Total parenteral nutrition (TPN) was not used initially in patients with malignant diseases because of the fear of sepsis from the indwelling superior vena cava catheter in immunosuppressed and myelosuppressed patients and the potential for the concentrated nutrient solutions to stimulate tumor growth.
Upon joining the staff at the University of Texas M.D. Anderson Hospital in 1972, I encountered a group of malnourished cancer patients who were being supported by almost every means available then in an attempt to deliver appropriate oncologic therapy.
Many of these patients were still not candidates for aggressive antineoplastic therapy because the toxic side effects of treatment superimposed on the malnourished state would have resulted in unacceptably high morbidity and mortality rates. Yet these patients' tumors were regionalized and, predictably, would have responded to appropriate therapy if it could have been delivered safely.
In this setting TPN was first used to replenish nutritionally cancer patients who had failed all attempts at enteral nutrition. The risks of stimulating tumor growth and septic complications were acceptable because adequate oncologic therapy was otherwise impossible.
In 1974, we reported 120 cancer patients treated with TPN.1 Because of careful attention to the catheter as a nutritional lifeline rather than as a means of measuring central venous pressure or withdrawing blood, the catheter sepsis rate was only 2.2%.2 No stimulation of tumor growth was noted in any patient.
Unfortunately, the indications for TPN in cancer patients have been liberalized since those early days when it was reserved only for patients with responsive tumors and severe malnutrition. Many randomized trials have failed to show any advantage for TPN in patients receiving chemotherapy, primarily because patients with true protein-calorie malnutrition are not included in these studies.3
In the surgical realm, the Veterans Administration trial identified only one subgroup that benefited from preoperative TPN—patients with severe malnourishment.4 In the absence of malnutrition, TPN does not result in an increase in lean body mass but rather in weight gain as fat mass and water volume, neither of which justifies the expense or possible complications of treatment. Also, catheter sepsis rates have risen dramatically with the advent of double- and triple-lumen catheters, which welcome frequent violations of the integrity of the nutritional delivery system.
TPN candidates today, 25 years later, remain individuals with responsive tumors who cannot tolerate the toxicity of the oncologic therapy because of antecedent malnutrition. Exceptions may be patients with bone marrow transplants or pediatric patients undergoing dose-escalation therapy in whom adequate antineoplastic therapy may be predicated upon maintenance of an initial optimal nutritional state.
John M. Daly, MD, and colleagues5 are largely responsible for showing the efficacy of defined formula diets for nutritional repletion of malnourished cancer patients who have a functional gastrointestinal tract. Their work with the amino acid arginine as an immunomodulator is particularly noteworthy. In this issue of CA, Dr. Daly's group reviews the state-of-the-art of nutritional support for cancer patients.6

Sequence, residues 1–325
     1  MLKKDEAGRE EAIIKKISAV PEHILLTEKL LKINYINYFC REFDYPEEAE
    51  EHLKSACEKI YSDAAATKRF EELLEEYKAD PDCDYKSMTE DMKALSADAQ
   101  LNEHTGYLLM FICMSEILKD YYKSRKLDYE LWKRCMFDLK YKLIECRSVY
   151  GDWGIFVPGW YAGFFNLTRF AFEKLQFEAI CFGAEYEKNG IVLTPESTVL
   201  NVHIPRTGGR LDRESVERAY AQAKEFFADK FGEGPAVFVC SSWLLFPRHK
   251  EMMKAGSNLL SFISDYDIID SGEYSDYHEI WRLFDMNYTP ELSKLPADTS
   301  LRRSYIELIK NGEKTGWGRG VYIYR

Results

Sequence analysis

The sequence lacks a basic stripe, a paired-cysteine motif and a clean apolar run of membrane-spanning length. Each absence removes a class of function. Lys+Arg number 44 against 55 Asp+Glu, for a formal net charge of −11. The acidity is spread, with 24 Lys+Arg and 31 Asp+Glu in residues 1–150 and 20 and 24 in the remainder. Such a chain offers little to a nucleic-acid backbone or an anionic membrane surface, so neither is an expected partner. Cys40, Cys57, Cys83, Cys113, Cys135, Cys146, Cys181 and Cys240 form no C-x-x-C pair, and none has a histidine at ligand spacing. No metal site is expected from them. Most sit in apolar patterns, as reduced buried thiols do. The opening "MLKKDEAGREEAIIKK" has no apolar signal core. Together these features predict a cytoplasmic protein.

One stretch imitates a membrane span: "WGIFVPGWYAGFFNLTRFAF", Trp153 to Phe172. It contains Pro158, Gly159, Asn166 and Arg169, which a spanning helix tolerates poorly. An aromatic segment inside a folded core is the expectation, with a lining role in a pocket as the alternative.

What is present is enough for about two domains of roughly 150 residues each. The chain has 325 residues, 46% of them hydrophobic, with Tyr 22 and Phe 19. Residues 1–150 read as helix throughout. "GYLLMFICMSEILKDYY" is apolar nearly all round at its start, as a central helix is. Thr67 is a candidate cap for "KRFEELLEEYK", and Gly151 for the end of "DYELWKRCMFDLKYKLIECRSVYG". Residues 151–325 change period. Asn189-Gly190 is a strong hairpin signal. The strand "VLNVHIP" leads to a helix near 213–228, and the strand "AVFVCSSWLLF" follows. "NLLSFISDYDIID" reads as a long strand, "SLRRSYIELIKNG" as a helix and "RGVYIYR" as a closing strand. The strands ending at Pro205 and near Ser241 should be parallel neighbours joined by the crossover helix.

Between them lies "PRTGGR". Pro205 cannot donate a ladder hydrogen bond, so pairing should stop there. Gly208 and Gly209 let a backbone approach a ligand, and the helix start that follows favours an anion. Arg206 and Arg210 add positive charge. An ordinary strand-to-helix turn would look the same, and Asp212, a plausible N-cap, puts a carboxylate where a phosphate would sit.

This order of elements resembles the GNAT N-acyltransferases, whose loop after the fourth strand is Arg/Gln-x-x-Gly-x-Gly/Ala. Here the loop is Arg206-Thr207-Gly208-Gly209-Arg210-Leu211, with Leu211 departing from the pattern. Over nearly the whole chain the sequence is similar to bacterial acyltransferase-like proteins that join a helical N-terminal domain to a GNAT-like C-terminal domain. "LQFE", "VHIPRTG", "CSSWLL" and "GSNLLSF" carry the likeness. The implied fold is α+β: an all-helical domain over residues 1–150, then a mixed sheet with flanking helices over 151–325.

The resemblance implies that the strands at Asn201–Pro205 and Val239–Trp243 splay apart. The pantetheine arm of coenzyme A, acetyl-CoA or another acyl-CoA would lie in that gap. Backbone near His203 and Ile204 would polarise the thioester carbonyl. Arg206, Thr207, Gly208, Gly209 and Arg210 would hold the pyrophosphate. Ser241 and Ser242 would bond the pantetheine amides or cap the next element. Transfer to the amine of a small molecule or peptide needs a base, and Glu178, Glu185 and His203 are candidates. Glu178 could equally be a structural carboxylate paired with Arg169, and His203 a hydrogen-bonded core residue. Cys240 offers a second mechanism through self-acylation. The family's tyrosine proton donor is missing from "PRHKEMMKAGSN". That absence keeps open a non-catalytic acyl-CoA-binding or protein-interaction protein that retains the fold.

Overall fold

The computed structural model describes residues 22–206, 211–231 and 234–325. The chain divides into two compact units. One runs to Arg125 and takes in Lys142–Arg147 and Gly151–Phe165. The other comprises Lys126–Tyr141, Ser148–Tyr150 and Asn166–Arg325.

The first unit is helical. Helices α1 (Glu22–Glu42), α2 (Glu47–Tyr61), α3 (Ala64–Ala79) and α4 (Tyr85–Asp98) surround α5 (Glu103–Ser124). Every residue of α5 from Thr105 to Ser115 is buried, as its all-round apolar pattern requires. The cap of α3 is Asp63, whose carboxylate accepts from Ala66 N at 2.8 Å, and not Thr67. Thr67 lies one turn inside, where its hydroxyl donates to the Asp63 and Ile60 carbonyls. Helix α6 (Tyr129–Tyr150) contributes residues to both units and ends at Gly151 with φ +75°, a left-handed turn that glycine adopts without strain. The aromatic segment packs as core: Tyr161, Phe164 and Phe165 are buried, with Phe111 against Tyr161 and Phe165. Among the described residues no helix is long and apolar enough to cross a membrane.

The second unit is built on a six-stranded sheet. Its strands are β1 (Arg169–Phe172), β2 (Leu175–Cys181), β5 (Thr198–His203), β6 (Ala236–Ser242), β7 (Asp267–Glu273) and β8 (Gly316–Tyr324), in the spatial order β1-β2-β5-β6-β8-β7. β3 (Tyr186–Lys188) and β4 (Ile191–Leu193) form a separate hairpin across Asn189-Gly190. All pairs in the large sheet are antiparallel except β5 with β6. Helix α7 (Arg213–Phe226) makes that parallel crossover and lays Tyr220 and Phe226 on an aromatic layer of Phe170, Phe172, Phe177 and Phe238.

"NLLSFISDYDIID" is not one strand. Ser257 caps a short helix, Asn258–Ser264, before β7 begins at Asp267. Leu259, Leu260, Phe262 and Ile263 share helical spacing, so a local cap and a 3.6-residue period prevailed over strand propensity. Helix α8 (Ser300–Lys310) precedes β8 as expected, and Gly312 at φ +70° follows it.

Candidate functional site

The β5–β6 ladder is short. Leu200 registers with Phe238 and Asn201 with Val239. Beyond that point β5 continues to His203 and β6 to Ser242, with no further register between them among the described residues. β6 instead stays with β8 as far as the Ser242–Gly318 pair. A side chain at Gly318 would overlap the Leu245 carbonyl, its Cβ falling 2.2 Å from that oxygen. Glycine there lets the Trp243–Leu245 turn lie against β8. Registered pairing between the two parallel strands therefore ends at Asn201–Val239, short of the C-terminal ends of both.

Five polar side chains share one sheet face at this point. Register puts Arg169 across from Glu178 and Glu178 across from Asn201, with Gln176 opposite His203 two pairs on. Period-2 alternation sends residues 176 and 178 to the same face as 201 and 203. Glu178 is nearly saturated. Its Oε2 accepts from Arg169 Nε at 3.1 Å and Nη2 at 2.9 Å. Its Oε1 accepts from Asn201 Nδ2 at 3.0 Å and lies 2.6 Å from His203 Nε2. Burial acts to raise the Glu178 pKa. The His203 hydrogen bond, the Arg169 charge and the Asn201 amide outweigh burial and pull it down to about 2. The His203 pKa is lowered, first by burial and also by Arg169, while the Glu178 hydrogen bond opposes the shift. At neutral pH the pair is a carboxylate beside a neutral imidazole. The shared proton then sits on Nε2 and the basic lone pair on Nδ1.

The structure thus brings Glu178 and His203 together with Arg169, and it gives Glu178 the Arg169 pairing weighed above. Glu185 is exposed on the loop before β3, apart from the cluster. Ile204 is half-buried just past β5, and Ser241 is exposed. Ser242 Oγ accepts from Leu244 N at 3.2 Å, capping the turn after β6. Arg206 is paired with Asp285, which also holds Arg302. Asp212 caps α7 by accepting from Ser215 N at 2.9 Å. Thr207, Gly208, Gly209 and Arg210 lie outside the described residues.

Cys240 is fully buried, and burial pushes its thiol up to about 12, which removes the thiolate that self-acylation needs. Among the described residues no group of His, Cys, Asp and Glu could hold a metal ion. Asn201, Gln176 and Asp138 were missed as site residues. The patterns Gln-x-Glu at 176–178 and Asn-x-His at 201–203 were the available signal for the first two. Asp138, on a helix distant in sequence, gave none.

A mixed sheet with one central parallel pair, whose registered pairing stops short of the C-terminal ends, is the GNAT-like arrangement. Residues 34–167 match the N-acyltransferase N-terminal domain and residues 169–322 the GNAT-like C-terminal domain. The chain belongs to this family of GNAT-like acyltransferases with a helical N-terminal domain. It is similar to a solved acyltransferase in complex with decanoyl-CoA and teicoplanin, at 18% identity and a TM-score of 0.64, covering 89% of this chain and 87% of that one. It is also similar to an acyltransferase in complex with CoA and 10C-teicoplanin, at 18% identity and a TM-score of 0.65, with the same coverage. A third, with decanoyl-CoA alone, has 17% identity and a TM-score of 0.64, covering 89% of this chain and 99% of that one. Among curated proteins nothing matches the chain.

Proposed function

The amino acid glutamine also is finding ever-increasing nutritional and metabolic uses. As a precursor to glutathione, it can reduce the toxic side effects of several chemotherapeutic agents on the gastrointestinal tract without decreasing the cytotoxic properties of the agents on the malignancy.7 Similarly, the acute effects of radiation therapy on the gastrointestinal mucosa can be prevented if glutamine is used before radiation or reversed if it is used afterward.8,9 Glutamine is abundant in most enteral formulas but is not yet available for parenteral use in the United States.
The fear that nutritional repletion will stimulate tumor growth comes from studies of animal tumor models. Such data are not directly applicable to human beings, however, because the time from tumor implantation to death of the animal may be only 7 to 8 weeks, and the tumor may constitute 30% to 40% of the animal's body weight. A week to 10 days of nutritional repletion in an animal would affect tumor growth dramatically, whereas tumor doubling times in human beings are much longer, and 10 days of nutritional repletion probably would be inconsequential.
Nevertheless, Daly and colleagues10 have shown that cell-cycle specific chemotherapeutic agents have a much better cytotoxic effect in tumors stimulated to grow by nutritional repletion than occurs in their protein-depleted counterparts. Evidence for tumor growth stimulation by TPN in human beings is circumstantial, such as an increase in tumor DNA synthesis11 and an increase in red blood cell poly amine levels.12 Many thousands of cancer patients worldwide have been nutritionally replenished by both enteral and parenteral nutrition, however, without the scientific community noting tumor growth stimulation to be a clinical problem. If it were, as Dr. Daly's team has shown in animals, a therapeutic advantage for human beings might be realized.